Etienne Courtois: The Wunderwall Brussels
Porosity is probably the concept that best characterises Etienne Courtois’ approach to his photographic work. One of the threads in his creative process is his distinctly plastic treatment of the medium through integrated and often barely noticeable interventions that are both sculptural and pictorial by nature. This becomes evident in both the material support of the work as well as in the compositions themselves. The works often originate from the confrontation between various random objects gathered by Courtois during his walks and rambles through the city or in nature, leading to surprising encounters.Their contemporary surrealistic quality is accentuated by the pictorial transformations he applies. Like creating sculptural forms - often in plaster, but also in wood - that are integrated into the images, applying paint, adhesive or shapes in relief on the prints themselves, using multiple exposures to modify chromatic values and shapes in the initial image, creating the effect of a shift or spectral motion, all contributing to the dubiety emanating from the works. The work of Etienne Courtois clearly surpasses the dichotomy between figurative and representational art. The ambiguity in interpreting and understanding these interventions leads to completely new and surprising formal encounters between everyday objects in a whimsical, alienating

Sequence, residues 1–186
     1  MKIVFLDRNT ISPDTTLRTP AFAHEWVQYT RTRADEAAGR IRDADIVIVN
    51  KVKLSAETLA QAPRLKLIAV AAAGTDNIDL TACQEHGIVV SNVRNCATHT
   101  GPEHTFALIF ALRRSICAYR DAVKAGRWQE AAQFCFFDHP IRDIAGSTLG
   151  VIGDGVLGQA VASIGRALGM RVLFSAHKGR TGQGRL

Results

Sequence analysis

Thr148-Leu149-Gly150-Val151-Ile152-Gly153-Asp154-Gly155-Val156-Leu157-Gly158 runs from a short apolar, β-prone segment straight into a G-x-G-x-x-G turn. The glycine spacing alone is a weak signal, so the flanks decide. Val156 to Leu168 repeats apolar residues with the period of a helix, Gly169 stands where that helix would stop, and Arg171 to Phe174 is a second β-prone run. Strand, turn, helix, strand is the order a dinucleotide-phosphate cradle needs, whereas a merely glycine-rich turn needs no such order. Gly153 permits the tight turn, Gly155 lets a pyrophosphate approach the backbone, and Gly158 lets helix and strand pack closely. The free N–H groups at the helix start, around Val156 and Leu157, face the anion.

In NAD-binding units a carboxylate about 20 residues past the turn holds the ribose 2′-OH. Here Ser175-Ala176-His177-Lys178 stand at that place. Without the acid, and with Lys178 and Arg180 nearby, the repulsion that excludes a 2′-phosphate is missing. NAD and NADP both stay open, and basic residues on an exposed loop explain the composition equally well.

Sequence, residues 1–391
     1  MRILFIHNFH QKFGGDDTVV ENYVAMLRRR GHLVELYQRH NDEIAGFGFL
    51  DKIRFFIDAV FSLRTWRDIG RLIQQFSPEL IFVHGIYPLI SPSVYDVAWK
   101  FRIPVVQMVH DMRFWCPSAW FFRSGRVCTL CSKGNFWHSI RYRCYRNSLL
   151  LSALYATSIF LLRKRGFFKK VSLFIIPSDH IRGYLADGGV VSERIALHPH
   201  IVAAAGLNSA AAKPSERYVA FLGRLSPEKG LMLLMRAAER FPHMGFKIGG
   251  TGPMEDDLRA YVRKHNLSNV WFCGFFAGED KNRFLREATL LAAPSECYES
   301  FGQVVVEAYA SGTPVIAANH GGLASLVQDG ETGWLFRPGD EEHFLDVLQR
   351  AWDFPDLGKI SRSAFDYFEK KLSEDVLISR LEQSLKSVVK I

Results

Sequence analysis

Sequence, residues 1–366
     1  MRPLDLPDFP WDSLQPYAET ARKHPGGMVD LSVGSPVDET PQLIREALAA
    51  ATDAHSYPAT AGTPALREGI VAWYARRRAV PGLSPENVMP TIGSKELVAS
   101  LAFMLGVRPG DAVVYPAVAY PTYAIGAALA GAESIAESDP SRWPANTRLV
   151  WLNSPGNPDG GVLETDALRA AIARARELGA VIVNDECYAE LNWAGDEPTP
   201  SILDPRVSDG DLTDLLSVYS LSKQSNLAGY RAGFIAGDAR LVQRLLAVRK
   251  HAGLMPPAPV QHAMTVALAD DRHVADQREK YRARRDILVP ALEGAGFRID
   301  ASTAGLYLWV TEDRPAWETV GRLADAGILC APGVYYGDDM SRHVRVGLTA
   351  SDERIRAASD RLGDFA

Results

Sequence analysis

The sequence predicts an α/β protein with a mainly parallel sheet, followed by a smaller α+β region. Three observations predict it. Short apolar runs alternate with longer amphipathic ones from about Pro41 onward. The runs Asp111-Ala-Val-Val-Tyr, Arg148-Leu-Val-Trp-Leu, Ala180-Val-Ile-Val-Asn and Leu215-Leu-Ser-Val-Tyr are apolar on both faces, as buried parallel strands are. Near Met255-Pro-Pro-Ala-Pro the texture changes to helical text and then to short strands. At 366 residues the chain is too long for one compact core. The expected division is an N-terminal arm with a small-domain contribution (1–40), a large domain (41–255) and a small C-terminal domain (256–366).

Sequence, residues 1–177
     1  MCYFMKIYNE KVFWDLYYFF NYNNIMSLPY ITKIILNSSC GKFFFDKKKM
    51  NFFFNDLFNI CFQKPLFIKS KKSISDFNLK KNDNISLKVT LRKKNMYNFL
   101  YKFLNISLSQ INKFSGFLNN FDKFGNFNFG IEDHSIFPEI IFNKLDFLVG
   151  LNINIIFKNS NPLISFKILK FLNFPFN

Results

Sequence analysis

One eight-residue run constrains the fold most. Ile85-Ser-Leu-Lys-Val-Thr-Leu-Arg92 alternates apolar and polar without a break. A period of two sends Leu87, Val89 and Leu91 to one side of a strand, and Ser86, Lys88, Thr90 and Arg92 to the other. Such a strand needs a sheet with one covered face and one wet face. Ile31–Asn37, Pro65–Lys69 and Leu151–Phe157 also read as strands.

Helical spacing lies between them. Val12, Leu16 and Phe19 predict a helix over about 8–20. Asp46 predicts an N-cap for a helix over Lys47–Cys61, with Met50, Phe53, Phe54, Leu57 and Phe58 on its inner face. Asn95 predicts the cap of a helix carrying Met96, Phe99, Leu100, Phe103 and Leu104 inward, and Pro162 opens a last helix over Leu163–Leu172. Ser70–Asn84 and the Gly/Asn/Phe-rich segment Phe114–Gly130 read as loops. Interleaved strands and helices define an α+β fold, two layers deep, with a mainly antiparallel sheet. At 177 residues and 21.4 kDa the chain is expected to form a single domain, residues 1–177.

atmosphere. Courtois’ work is marked by a distinctly free, singular and often witty approach that evokes the pictorial work of Walter Swennen or the sculptures of Koenraad Dedobbeleer.